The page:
[Webmaker] Idea: Dev Tools as model for Web Lit Tools?

Matt Thompson matt at mozillafoundation.org
Wed Dec 18 11:52:22 PST 2013

I like this David.

Seems like an opportunity to both flesh out the "Teach" part of Mozilla's "Imagine, Build, Teach" story, 
and also help tell a story about a unique value proposition and differentiator for Firefox.

FF as *the* browser of choice for makers / creators, learners, and educators. 
With practical built-in tools and help. 

On 2013-12-18, at 1:19 PM, David Humphrey <David.Humphrey at senecacollege.ca> wrote:

> I have been thinking about a tweet by Christian Heilmann from earlier today:
> https://twitter.com/codepo8/status/413363661143416833
> He's linking to a pic of what the Developer Tools look like in Firefox (hint: they are really becoming amazing, and if you haven't played with them, you should).
> In 2014 one of the things I want to explore in earnest is how we can leverage the Dev Tools for Webmaker.  Today I had another thought, and I want to plant the seed with the rest of you:
> Idea: "As Dev Tools is to a web developer, Web Lit Tools could be to a literate web user/maker."
> Consider the Navigation section of the Web Lit Standard: https://webmaker.org/en-US/standard/exploring#navigation, in which URLs and hyperlinks are discussed.  What if I want to understand the URLs and hyperlinks in a page I'm looking at?  We don't provide simple tools for you to just get a list of them all, or to examine them as a curious tinkerer.  You might be interested in how many go to a particular domain, or in how they are constructed, or navigating to content above you in a relative path.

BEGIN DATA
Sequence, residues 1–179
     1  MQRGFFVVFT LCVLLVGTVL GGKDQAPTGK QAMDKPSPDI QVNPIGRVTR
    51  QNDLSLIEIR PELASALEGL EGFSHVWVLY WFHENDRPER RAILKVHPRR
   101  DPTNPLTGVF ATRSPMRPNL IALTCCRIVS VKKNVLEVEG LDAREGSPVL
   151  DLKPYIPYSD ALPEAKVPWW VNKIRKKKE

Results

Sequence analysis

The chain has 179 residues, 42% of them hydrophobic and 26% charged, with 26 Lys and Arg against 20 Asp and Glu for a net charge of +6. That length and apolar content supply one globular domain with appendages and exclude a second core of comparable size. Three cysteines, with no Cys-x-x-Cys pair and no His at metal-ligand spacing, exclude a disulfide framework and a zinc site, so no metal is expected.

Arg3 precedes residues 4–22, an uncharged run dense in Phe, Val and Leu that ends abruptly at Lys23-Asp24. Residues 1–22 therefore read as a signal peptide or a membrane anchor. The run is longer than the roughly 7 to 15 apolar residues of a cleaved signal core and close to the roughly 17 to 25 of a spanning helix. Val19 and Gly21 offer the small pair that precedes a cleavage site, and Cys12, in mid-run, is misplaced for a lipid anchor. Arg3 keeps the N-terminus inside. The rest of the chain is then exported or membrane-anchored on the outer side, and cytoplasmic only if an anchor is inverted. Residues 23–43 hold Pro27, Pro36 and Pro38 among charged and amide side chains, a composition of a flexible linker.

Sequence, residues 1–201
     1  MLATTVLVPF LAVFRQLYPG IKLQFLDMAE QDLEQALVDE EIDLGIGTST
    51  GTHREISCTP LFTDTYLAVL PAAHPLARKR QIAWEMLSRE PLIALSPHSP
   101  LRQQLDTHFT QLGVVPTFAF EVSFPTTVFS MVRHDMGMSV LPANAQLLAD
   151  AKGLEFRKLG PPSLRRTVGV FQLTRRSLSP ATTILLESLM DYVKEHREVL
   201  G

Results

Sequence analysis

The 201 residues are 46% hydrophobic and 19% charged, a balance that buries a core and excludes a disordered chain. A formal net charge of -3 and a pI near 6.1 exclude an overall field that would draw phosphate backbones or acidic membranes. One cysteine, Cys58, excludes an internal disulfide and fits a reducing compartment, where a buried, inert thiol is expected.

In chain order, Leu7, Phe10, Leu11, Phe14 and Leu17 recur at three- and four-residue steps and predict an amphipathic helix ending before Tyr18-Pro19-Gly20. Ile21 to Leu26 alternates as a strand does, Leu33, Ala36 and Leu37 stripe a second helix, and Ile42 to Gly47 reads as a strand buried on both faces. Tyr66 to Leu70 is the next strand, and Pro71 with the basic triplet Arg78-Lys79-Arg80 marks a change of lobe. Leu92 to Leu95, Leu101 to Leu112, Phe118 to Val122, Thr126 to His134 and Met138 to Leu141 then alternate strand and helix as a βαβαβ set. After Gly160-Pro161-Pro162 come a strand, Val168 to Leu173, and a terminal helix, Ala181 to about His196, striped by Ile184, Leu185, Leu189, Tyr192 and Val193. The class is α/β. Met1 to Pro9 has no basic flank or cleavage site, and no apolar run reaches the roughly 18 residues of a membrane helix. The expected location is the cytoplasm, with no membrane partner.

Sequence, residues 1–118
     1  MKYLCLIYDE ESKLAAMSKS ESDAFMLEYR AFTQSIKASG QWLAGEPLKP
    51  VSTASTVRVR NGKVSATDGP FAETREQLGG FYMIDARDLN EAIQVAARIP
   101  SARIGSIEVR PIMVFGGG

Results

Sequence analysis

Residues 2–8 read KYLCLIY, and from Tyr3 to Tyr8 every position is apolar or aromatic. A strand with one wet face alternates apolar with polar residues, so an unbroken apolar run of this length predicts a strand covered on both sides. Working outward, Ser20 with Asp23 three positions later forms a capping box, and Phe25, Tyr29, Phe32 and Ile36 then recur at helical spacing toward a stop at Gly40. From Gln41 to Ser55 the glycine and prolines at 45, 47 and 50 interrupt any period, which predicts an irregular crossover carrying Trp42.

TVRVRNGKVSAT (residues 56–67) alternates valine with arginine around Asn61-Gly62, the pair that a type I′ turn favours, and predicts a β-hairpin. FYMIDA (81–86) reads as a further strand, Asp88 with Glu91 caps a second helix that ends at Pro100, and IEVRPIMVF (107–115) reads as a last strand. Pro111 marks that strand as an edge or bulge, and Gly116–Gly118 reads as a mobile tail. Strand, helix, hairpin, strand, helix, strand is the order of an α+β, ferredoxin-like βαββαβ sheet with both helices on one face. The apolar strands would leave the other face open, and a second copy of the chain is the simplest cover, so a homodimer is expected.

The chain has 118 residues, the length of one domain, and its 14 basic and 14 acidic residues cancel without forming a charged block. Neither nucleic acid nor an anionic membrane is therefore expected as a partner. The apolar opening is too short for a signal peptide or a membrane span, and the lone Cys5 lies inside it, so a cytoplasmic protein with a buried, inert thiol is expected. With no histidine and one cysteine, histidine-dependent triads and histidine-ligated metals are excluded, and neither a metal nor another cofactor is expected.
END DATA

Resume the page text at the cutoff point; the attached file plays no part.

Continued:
> Consider the Building section: https://webmaker.org/en-US/standard/building#composing, in which we talk about being able to Identify and use HTML tags.  View Source is great, but overwhelming if you're not an expert.  What about a tool that showed you all the HTML tags in use on the current page, and offered docs to explain what they are?  What about pretty-printing the HTML so you can make better sense of it?
> In both cases I'm describing tools built into the browser that let you explore and ask questions of the pages you visit--any page vs. just an exercise with a built-in script.  These aren't necessarily editing tools, but rather lenses through which I can observe the web and how it's built.
> I think having a set of Web Literacy Tools, similar to the Developer Tools, would make it possible for non-developers to engage with more than just the manifest web content rendered in the browser: the web is most interesting when you can peer at what lies beneath.
> Dave
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